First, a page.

Carbon ion radiotherapy may reduce future tumor risk after prostate cancer
medwireNews: Patients who receive carbon ion radiotherapy for localized prostate cancer have a significantly lower risk for subsequent primary cancers than those treated with photon radiotherapy or surgery, retrospective study data suggest.
“Although prospective evaluation with longer follow-up is warranted to support these results, our data supports a wider adoption of carbon ion radiotherapy for patients with expected long-term overall survival or those with poor outcomes after receiving conventional treatments,” write Hirokazu Makishima (National Institute of Radiological Sciences [NIRS], Chiba, Japan) and co-authors in The Lancet Oncology.
During a median 7.9 years of follow-up, 15% of 1455 patients who received carbon ion radiotherapy for prostate cancer at NIRS between 1995 and 2012 developed at least one subsequent primary cancer, most commonly in the stomach (19%), lung (17%), colon (12%), or bladder (9%).
The risk for subsequent cancer was significantly higher among patients aged 71 years and older compared with those aged 60 years and younger, and among smokers.
When Makishima and team compared the NIRS patients with prostate cancer with patients from the Osaka registry who were treated with photon radiotherapy (n=1983) or surgery (n=5948), they found that the cumulative incidence of subsequent primary cancers at 9.9 years was lower with carbon ion radiotherapy than with either the photon radiotherapy or surgery, at 16.1% versus 24.0% and 18.7%, respectively.
Furthermore, pairwise comparisons using propensity score-weighted analyses showed that carbon ion radiotherapy was associated with a significant 20% lower risk for subsequent primary cancers than photon radiotherapy and a significant 19% lower risk than surgery. By contrast, photon radiotherapy was associated with a significant 18% higher risk for subsequent primary cancers than surgery.
The researchers note that the lower risk in the carbon ion radiotherapy group appeared to be driven by a lower risk for colon and rectum cancers, but they also point out that all of the second primary cancers they included “could be either spontaneous or radiation-induced cancers because the cause of these malignancies was impossible to ascertain from the epidemiological data available.”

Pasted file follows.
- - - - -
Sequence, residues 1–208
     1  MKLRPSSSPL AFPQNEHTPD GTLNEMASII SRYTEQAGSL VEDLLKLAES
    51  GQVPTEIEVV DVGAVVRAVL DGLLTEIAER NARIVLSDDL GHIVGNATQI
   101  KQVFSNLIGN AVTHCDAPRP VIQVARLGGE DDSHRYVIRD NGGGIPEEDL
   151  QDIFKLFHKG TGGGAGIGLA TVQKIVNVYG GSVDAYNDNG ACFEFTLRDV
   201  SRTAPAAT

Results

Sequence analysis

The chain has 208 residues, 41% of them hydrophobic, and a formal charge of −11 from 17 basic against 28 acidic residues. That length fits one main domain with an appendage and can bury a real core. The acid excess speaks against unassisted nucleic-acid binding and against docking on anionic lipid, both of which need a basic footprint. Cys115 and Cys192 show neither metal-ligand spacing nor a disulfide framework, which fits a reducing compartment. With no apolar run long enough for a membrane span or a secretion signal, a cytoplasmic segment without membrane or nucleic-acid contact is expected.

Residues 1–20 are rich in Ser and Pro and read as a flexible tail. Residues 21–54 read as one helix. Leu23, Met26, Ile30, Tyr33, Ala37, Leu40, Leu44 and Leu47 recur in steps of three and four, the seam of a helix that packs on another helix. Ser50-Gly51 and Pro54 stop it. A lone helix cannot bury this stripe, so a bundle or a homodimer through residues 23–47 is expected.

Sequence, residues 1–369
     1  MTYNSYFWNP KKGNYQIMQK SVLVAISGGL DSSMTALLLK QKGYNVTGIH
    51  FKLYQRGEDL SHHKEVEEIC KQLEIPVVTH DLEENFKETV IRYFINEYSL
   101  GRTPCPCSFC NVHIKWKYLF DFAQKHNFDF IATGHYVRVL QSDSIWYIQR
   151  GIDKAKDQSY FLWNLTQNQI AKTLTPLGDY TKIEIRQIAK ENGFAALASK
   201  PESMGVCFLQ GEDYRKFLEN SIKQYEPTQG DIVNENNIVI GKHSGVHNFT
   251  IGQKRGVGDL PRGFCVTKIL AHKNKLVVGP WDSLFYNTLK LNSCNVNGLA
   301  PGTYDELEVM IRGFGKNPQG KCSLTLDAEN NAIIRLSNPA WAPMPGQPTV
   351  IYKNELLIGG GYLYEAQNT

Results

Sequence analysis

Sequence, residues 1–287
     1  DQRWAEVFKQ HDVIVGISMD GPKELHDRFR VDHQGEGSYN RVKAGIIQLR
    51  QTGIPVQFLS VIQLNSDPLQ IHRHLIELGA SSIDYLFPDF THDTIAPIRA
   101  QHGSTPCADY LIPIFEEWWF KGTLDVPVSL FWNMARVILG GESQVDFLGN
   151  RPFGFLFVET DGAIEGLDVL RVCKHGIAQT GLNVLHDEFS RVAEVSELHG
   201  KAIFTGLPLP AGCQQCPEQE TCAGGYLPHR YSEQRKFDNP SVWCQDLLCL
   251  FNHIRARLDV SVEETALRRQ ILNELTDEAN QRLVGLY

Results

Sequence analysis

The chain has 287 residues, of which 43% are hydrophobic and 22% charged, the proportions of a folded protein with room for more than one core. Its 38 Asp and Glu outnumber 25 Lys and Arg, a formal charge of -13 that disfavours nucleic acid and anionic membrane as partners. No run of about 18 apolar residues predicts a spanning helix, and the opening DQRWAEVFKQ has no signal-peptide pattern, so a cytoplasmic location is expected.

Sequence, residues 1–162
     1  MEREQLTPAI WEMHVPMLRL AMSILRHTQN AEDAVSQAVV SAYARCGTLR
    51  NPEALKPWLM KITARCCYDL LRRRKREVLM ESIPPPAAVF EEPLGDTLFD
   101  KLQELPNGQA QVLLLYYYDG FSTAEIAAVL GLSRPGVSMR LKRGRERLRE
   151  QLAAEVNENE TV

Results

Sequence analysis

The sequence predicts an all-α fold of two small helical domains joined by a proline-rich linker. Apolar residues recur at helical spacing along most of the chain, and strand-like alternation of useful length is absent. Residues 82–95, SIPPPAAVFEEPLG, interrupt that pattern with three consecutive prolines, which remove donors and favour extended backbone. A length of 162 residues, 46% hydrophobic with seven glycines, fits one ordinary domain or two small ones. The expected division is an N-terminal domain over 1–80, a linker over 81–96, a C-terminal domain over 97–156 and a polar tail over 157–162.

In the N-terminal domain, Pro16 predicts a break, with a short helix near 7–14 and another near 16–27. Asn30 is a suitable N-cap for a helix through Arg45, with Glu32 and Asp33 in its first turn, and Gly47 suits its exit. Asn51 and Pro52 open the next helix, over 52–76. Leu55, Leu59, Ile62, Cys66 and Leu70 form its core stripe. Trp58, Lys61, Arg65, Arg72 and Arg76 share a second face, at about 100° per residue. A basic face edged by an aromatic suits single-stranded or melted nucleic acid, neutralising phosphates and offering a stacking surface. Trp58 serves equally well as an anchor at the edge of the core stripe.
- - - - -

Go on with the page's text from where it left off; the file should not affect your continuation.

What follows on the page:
The team acknowledges study limitations such as the relatively short follow-up, missing data on potential confounders such as alcohol or tobacco use and comorbidities, and limited details on radiotherapy dose, volume, and radiation technique.
Nevertheless, they conclude that the “results from this hypothesis-generating study should encourage further research on subsequent malignancies and suggest that carbon ion radiotherapy might have an important role in treating patients with prolonged life expectancies.”
In an accompanying commentary, Charles Catton and David Shultz, both from the University of Toronto in Ontario, Canada, say that the data show that although carbon ion radiotherapy appears to reduce this risk for second primary cancers relative to photon radiotherapy, “limited access to [carbo ion radiotherapy] facilities makes it impractical for most patients.”
Furthermore, they caution that the study “should not encourage a general move from photon radiotherapy for those who choose radiotherapy for their prostate cancer. Ready access, favourable economics, and abundant level 1 evidence of safety and efficacy weigh heavily in its favour.”
Nonetheless, Catton and Shultz conclude that “the risk of radiation-related second malignant neoplasia should be a part of patient discussion, especially for younger patients with treatment options beyond photon radiotherapy.”
By Laura Cowen
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